Nobody will dispute that location is key to site selection. However, there are other important factors to consider. Oswego County has more to offer than an attractive location within hours of every major Northeast market.
Oswego County has a skilled labor force that is ready to work—many even have previous food processing experience. The county’s devoted Workforce Development Board looks for ways to bring potential employees and employers together and coordinates with colleges and vocational schools to provide courses that enhance worker skills.
In addition to locating close to their suppliers and markets, transportation is another key factor in selecting a site. Oswego County is truly multimodal with rail available at three of the county’s industrial parks. It also is located within minutes of major highways, has a deep water port and a local airport and is near to an international airport.
Many food processing facilities require water for processing. Oswego County supplies high quality water from Lake Ontario as well as capacity for industrial waste water treatment.
Oswego County has Greenfield sites that are ready to build on. Within the industrial parks, all sites have utilities and other necessary infrastructure in place and some have had comprehensive site profiles performed. These profiles expedite the selection process by eliminating much of the due diligence work for the potential purchaser.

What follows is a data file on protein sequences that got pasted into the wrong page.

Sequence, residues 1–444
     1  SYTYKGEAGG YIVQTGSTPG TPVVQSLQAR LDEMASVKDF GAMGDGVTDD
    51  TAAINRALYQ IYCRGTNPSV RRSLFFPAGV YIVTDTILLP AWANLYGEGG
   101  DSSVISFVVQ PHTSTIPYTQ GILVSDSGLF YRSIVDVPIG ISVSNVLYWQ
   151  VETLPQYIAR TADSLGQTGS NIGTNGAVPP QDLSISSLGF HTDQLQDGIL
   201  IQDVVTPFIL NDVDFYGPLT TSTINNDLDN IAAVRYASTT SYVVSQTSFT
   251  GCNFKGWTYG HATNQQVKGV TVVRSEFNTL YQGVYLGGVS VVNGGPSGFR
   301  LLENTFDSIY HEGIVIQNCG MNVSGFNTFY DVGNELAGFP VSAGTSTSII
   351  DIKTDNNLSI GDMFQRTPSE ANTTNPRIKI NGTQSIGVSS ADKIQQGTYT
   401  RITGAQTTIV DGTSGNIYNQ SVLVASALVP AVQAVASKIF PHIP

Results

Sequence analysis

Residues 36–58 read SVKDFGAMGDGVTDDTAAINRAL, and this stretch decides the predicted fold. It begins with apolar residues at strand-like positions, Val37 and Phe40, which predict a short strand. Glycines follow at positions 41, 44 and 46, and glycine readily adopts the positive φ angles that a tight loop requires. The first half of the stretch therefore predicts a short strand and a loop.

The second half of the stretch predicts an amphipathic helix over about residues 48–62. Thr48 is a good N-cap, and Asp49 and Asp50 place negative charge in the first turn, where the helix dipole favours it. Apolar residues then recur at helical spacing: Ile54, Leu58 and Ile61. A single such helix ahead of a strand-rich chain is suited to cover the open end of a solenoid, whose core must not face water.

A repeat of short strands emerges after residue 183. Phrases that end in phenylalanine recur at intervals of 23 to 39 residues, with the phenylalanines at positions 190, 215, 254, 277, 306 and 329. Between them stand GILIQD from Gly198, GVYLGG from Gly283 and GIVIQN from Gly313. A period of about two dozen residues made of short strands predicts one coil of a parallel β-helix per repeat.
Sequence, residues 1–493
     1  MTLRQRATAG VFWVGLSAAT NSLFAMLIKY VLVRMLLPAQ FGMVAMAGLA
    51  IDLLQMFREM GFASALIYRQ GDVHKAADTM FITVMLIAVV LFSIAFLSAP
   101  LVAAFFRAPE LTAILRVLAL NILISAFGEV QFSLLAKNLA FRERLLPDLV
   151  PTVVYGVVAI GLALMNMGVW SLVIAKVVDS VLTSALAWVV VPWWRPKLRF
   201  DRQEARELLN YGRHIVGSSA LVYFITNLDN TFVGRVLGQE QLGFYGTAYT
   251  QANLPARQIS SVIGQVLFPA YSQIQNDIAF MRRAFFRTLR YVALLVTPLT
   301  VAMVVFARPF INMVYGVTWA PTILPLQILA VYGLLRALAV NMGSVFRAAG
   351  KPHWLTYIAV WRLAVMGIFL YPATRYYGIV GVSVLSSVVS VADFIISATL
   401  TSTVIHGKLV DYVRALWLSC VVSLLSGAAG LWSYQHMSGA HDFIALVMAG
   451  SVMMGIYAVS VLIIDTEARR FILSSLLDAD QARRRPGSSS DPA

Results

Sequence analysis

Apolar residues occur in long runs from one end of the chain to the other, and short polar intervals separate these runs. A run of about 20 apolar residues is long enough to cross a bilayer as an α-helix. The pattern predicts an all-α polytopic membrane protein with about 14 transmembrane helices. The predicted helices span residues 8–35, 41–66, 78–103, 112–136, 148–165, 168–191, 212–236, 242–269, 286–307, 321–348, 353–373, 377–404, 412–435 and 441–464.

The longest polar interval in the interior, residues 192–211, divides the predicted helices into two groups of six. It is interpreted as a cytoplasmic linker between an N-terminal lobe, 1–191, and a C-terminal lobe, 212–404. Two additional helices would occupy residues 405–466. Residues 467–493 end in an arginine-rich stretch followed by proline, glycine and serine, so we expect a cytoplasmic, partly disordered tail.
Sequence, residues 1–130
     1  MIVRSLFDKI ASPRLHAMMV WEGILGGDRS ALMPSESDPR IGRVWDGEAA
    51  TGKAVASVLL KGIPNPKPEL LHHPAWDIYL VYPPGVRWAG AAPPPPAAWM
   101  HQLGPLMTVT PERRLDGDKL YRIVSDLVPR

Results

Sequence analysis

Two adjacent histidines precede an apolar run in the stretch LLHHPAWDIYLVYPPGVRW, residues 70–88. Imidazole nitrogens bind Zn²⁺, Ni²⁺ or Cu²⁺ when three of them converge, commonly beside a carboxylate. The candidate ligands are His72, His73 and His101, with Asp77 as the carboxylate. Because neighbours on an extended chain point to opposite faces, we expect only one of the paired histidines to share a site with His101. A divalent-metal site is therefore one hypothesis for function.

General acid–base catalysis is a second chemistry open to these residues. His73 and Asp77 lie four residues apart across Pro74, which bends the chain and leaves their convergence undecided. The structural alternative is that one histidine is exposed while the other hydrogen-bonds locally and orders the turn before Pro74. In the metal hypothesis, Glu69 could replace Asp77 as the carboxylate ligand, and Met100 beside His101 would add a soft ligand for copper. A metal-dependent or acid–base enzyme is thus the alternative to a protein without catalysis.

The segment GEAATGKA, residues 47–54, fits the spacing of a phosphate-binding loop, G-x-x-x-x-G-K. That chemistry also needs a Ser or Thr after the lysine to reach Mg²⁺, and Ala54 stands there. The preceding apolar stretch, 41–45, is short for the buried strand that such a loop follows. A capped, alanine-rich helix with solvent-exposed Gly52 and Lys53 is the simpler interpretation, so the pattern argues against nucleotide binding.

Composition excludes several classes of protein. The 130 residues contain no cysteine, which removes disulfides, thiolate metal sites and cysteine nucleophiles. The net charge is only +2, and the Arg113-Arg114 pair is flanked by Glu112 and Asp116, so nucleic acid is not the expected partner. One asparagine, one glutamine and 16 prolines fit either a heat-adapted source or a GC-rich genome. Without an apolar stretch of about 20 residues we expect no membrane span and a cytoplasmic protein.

The final benefits of Oswego County are the various potential incentives available.
The importance of manufacturing to the local, regional, state and national economies continues to be very significant and cannot simply be measured in the number of jobs. Due to dramatic technological changes and improvements in the manufacturing process utilizing state-of-the-art equipment, more product is being produced per man-hour. Manufacturing has truly become a capital intensive industry requiring huge investments at all levels to produce products competitively.
Manufacturing, of all kinds, continues to be one of the major economic drivers of the Oswego County economy.